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Adam added admiration answered appearance asked beauty believe brought called carried close coming course dear death door English expression eyes face feel felt followed France French gave girl give given hand head hear heart hope Hubert interest Italy Joan keep kind King knew Lady Lady Reynolds laugh leave letter light lived look Lord Madame manner means mind Miss Miss Reynolds mother nature Nelly never night once passed Perdita perhaps person play poor present received replied returned round seemed seen side smile soon speak stand sure taken talk tell things Thomasina thought told took true turned voice walk whole wife Winstanley wish woman women write young
Sida 97 - Cromwell, Cromwell, Had I but served my God with half the zeal I served my king, he would not in mine age Have left me naked to mine enemies.
Sida 352 - Perennially — beneath whose sable roof Of boughs, as if for festal purpose decked With unrejoicing berries — ghostly Shapes May meet at noontide; Fear and trembling Hope, Silence and Foresight; Death the Skeleton And Time the Shadow ; — there to celebrate, As in a natural temple scattered o'er With altars undisturbed of mossy stone, United worship ; or in mute repose To lie, and listen to the mountain flood Murmuring from Glaramara's inmost caves.
Sida 176 - I confess my chief endeavours are to delight the age in which I live. If the humour of this be for low comedy, small accidents, and raillery, I will force my genius to obey it, though with more reputation I could write in verse.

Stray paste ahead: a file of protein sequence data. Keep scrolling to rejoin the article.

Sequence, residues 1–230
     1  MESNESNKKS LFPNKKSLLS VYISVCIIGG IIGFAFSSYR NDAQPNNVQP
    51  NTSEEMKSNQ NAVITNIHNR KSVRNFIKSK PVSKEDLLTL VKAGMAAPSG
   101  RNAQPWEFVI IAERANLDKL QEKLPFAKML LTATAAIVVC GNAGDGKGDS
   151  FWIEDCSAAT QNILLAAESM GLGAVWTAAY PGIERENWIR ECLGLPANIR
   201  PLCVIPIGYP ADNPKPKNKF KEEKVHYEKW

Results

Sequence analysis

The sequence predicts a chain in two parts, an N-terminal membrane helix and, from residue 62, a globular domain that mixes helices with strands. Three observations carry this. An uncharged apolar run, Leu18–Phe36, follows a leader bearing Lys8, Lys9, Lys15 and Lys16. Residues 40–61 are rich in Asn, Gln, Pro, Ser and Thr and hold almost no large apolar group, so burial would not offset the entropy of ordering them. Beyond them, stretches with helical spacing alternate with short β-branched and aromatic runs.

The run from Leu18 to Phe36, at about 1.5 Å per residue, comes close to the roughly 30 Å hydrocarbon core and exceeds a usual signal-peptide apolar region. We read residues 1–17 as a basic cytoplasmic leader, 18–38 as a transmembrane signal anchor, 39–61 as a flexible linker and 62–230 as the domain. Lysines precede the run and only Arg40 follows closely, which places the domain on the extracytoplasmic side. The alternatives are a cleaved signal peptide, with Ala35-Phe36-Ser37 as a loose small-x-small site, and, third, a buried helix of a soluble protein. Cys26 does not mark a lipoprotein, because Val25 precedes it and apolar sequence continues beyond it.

Sida 351 - When the Sun rises, do you not see a round disk of fire somewhat like a guinea?" "O no, no, I see an innumerable company of the Heavenly host crying, 'Holy, Holy, Holy is the Lord God Almighty".
Sida 225 - Thy silver locks, once auburn bright, Are still more lovely in my sight Than golden beams of orient light. My Mary ! For, could I view nor them nor thee, What sight worth seeing could I see ? The sun would rise in vain for me. My Mary ! Partakers of thy sad decline, Thy hands their little force resign ; Yet, gently prest, press gently mine, My Mary...
Sida 220 - Ages elapsed ere Homer's lamp appear'd, And ages ere the Mantuan swan was heard : To carry nature lengths unknown before, To give a Milton birth, ask'd ages more. Thus genius rose and set at order...
Sida 352 - ... umbrage tinged Perennially — beneath whose sable roof Of boughs, as if for festal purpose, decked With unrejoicing berries, ghostly Shapes May meet at noontide; FEAR and trembling HOPE, SILENCE and FORESIGHT; DEATH, the Skeleton, And TIME, the Shadow; there to celebrate, As in a natural temple scattered o'er With altars undisturbed of mossy stone, United worship; or in mute repose To lie, and listen to the mountain flood Murmuring from Glaramara's inmost caves.
Sida 216 - I once thought Swift's Letters the best that could be written ; but I like Gray's better. His humour, or his wit, or whatever it is to be called, is never ill-natured or offensive, and yet, I think, equally poignant with the Dean's.
Sida 329 - Rome, during the latter part of the fifteenth and the early part of the sixteenth centuries, was at the height of its power, and the depth of its corruption.